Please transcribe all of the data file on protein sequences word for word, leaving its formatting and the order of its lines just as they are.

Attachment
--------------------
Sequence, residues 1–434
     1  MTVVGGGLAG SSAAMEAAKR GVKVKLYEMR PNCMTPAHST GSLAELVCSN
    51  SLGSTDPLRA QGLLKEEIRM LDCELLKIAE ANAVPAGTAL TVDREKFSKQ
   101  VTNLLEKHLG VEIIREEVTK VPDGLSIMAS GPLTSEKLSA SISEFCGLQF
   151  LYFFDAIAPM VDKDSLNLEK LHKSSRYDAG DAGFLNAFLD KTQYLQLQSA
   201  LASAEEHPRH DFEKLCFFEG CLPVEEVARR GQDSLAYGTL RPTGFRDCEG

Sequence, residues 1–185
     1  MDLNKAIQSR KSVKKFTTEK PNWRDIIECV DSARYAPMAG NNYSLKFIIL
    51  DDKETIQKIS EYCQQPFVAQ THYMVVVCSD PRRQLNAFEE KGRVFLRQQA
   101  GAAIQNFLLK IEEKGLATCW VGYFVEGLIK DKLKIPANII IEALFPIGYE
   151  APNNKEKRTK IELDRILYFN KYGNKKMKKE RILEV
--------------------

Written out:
Sequence, residues 1–434
     1  MTVVGGGLAG SSAAMEAAKR GVKVKLYEMR PNCMTPAHST GSLAELVCSN
    51  SLGSTDPLRA QGLLKEEIRM LDCELLKIAE ANAVPAGTAL TVDREKFSKQ
   101  VTNLLEKHLG VEIIREEVTK VPDGLSIMAS GPLTSEKLSA SISEFCGLQF
   151  LYFFDAIAPM VDKDSLNLEK LHKSSRYDAG DAGFLNAFLD KTQYLQLQSA
   201  LASAEEHPRH DFEKLCFFEG CLPVEEVARR GQDSLAYGTL RPTGFRDCEG

Sequence, residues 1–185
     1  MDLNKAIQSR KSVKKFTTEK PNWRDIIECV DSARYAPMAG NNYSLKFIIL
    51  DDKETIQKIS EYCQQPFVAQ THYMVVVCSD PRRQLNAFEE KGRVFLRQQA
   101  GAAIQNFLLK IEEKGLATCW VGYFVEGLIK DKLKIPANII IEALFPIGYE
   151  APNNKEKRTK IELDRILYFN KYGNKKMKKE RILEV